Secondary outcomes are patients’ disease specific knowledge, decisional conflict, quality of life, and SDM as perceived by patients, SDM as perceived by vascular surgeons, the treatment decided upon, the implementation of DSTs, and process measures.
The patients’ disease-specific knowledge is scored directly after the consultation. The questions test whether patients correctly understood the information presented in the decision aid or received during the consultation.
Decisional conflict in patients is scored directly after the consultation and is repeated 4 weeks after consultation in which the treatment decision is made . If an endovascular or open surgical treatment takes place within 4 weeks, decisional conflict is scored just before treatment. The decisional conflict in patients is scored using the 16-item Decisional Conflict Scale (DCS) .
Quality of life in patients is scored directly after consultation and again 6 weeks after treatment with the Short Form Health Survey (SF12) .
SDM as perceived by patients is scored directly after consultation using the SDM-Q-9 questionnaire, the 3-item CollaboRATE questionnaire, and the one-question Control Preference Scale and Control Perception Scale (CPS) [27,28,29]. The Control Preference Scale documents the desired amount of patient involvement and is scored before the consultation. The Control Perception Scale assesses the actually perceived amount of patient involvement and is scored after the consultation.
SDM as perceived by vascular surgeons is scored after the consultation using the SDM-Q-DOC questionnaire and the Control Perception Scale [29, 30].
The treatment decided upon is derived from the audio recording of the consultation. The actually received treatment is obtained from the participating vascular surgeon or centre.
The extent in which DSTs are implemented is determined by scoring the number of times a specific tool is used as recorded by the audio recording (consultation card and decision cards). Successful use of the decision aid is defined as completion of the decision aid by the patient. Completion and time to complete is recorded automatically when patients access the decision aid via the provided link.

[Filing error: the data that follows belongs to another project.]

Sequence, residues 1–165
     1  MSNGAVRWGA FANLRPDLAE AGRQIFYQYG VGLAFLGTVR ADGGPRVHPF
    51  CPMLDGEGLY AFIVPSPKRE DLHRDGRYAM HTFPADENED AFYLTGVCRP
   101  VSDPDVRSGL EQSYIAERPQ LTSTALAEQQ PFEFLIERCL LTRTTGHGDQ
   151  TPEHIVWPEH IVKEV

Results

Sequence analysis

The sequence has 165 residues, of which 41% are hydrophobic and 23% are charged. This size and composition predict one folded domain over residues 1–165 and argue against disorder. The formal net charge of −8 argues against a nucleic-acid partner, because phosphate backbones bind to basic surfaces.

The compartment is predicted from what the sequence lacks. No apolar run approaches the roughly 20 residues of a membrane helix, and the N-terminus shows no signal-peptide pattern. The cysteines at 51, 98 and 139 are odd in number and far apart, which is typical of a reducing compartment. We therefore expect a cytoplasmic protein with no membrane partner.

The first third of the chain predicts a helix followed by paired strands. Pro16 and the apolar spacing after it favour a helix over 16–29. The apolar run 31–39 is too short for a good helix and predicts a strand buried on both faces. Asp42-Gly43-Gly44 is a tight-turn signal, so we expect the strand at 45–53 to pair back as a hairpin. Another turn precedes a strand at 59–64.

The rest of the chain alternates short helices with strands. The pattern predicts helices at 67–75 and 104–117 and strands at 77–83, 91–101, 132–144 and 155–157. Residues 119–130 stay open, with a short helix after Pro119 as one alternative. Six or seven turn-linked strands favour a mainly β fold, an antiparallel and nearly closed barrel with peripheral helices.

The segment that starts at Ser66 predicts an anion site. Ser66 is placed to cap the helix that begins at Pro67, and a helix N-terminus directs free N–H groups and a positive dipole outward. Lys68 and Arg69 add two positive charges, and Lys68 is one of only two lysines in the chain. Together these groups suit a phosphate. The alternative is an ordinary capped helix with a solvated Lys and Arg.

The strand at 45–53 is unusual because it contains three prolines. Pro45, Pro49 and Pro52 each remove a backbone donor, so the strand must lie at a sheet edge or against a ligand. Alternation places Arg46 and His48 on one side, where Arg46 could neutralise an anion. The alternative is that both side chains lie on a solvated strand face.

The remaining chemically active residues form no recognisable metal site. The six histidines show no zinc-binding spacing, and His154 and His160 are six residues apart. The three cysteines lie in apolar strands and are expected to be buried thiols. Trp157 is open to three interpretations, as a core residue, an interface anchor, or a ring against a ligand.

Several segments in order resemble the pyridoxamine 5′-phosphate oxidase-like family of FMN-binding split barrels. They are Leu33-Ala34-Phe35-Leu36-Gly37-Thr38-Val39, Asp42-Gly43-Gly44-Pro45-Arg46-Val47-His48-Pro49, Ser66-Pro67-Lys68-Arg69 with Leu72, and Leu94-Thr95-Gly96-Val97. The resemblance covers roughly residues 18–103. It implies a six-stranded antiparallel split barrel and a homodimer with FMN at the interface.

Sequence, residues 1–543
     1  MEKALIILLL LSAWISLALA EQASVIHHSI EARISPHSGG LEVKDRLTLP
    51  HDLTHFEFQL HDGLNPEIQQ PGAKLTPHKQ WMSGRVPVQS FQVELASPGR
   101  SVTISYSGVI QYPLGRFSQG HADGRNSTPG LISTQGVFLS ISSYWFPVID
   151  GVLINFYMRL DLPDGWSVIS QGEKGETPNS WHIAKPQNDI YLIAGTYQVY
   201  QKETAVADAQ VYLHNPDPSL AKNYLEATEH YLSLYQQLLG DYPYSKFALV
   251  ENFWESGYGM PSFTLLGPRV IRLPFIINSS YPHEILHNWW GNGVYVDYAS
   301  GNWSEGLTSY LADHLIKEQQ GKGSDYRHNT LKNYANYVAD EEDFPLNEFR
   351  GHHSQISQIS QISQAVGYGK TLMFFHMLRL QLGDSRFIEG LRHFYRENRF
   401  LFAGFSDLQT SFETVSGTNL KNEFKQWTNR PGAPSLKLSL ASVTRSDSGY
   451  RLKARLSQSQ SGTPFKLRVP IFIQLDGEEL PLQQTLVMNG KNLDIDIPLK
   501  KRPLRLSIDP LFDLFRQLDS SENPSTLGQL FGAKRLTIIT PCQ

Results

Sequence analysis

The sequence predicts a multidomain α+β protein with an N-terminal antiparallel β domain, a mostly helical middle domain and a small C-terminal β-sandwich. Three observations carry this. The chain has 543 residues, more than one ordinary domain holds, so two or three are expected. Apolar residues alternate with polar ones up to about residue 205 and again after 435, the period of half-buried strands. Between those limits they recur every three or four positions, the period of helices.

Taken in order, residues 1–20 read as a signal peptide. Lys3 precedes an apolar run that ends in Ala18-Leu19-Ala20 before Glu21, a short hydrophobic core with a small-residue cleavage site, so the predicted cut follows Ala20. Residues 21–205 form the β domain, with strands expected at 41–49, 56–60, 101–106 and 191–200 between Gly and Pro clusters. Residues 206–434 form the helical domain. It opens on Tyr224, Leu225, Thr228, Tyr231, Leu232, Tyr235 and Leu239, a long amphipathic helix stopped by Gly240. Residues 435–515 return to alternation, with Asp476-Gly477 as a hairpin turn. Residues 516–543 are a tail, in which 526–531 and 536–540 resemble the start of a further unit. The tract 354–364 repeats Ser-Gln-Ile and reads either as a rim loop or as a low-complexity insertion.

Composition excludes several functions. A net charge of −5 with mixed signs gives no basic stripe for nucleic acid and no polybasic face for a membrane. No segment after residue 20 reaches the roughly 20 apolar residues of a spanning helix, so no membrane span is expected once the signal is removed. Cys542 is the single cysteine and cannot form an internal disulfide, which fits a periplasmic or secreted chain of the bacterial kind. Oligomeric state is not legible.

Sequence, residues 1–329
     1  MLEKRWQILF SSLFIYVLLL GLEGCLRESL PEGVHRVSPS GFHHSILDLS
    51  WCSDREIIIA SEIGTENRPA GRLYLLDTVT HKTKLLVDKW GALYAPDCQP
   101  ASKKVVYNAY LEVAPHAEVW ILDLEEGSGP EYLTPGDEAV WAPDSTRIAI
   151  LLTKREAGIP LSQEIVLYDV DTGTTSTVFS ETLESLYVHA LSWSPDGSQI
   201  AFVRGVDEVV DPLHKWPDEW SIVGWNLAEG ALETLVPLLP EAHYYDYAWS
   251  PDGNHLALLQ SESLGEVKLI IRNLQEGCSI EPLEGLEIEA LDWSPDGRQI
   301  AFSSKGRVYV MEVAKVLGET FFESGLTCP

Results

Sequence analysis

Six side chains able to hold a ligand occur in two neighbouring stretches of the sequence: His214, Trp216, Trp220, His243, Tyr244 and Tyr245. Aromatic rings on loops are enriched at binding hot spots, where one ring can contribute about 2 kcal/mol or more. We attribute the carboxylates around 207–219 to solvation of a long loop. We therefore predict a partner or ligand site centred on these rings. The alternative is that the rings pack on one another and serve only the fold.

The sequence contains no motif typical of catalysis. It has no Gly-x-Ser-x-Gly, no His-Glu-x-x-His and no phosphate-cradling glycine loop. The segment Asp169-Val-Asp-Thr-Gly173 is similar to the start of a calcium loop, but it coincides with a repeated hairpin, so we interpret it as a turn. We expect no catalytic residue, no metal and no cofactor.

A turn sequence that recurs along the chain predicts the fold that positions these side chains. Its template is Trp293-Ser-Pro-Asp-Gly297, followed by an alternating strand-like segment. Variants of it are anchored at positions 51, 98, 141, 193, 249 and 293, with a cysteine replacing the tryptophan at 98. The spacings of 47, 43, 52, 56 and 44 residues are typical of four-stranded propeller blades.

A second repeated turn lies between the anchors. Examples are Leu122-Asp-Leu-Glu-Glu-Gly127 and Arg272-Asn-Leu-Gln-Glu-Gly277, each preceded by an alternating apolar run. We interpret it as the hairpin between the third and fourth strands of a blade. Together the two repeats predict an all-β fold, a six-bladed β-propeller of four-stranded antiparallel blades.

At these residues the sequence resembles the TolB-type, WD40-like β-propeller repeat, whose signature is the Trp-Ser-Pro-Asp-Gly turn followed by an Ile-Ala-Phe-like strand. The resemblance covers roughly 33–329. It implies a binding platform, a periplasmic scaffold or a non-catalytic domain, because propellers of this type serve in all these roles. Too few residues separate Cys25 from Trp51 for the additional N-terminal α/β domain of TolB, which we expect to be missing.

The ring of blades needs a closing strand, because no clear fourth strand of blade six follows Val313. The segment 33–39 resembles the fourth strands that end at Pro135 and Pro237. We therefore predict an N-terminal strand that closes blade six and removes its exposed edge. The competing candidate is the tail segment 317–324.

Process measures studied are the number and duration of consultations necessary to decide upon a treatment, as obtained from the audio recording(s) or from the participating vascular surgeon or centre.
All outcomes mentioned above are evaluated at the individual participant level.
Figure 2 provides an overview of the participants’ timeline. Patients in the intervention group receive the decision aid prior to the appointment at the outpatient clinic. Patient follow-up is finalised after the patient has completed the final questionnaire. Patients receive the final questionnaire 6 weeks after the treatment or, in case of conservative treatment, 6 weeks after the decision-making consultation.
Sample size calculations are based on a clinically relevant difference in the use of SDM during consultation before and after introduction of the DSTs. The systematic review of Couët et al.  found a mean increase from 23 (SD 14) to 34 (SD 8) of SDM scored with the 5-item OPTION instrument. An 11 out of 100 points increase of the 5-item OPTION instrument seems a meaningful improvement as it means an increase from a ‘minimal’ to a ‘moderate’ effort to involve patients in the decision-making process . A larger increase would, of course, be even more clinically relevant and would require fewer patients, but this is less likely to reach. With a significance level of 0.05 and a power of 90%, a total sample size of 58 patients is required.
This number needs correction for the stepped-wedge design with cluster randomisation, as opposed to an individual patient randomisation. The total sample size from the power analysis is to be multiplied by the design effect for a stepped wedge trial. The pre-specified number of 5 steps (i.e. 6 time periods) and 5 clusters results in 58/(6*5) = 2 patients, per cluster per time period. Assuming an intermediate-level intra-cluster correlation of 0.01, the stepped wedge design effect is 1.944 . Thus, the total sample size needed in this trial is 58 × 1.944 = 113 patients per disorder. Since four different vascular diseases are studied, there are actually four trials in one trial. Therefore, a multiplication of the total sample size by 4 is necessary, which leads to 452 patients. To adjust for a loss-to-follow-up of 10%, the study aims to include a total of 502 patients.
All consecutive patients visiting the outpatient clinical of participating medical centres are screened for eligibility. Eligible patients are contacted by the researcher, nurse practitioner or surgeon and informed about the trial via the informed consent materials. The patient is given a minimum of 2 days to consider participation. Next, the patient is asked to participate in the study and to sign the informed consent form.